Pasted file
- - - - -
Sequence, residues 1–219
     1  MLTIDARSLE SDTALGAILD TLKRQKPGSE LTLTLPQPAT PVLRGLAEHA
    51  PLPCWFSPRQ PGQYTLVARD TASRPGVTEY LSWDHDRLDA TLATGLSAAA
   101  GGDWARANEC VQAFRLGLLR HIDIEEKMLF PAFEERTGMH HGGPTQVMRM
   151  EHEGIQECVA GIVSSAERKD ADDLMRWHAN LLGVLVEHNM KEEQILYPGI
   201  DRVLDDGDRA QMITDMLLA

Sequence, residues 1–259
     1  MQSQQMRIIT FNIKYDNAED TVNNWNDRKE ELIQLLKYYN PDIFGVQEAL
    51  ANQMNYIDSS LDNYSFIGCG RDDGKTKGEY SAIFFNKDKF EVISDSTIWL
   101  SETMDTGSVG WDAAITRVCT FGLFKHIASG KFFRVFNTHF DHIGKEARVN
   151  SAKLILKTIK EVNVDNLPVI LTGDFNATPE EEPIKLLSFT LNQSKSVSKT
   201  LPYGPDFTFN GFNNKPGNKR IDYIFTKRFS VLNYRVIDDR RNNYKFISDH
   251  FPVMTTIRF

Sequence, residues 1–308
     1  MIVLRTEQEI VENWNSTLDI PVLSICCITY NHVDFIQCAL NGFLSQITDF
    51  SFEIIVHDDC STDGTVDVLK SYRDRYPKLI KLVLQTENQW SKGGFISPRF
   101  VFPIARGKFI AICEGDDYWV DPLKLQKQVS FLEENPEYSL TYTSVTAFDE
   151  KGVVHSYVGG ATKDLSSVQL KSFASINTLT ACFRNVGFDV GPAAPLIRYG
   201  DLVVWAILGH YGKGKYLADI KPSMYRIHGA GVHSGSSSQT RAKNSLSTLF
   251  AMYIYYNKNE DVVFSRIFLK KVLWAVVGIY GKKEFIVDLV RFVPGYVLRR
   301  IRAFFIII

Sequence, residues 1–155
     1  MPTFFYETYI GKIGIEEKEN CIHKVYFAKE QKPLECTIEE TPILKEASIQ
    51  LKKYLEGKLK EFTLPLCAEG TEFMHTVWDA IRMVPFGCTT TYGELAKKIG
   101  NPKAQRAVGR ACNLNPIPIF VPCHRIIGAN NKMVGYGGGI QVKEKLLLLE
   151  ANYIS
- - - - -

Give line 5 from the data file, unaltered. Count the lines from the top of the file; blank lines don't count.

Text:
   151  EHEGIQECVA GIVSSAERKD ADDLMRWHAN LLGVLVEHNM KEEQILYPGI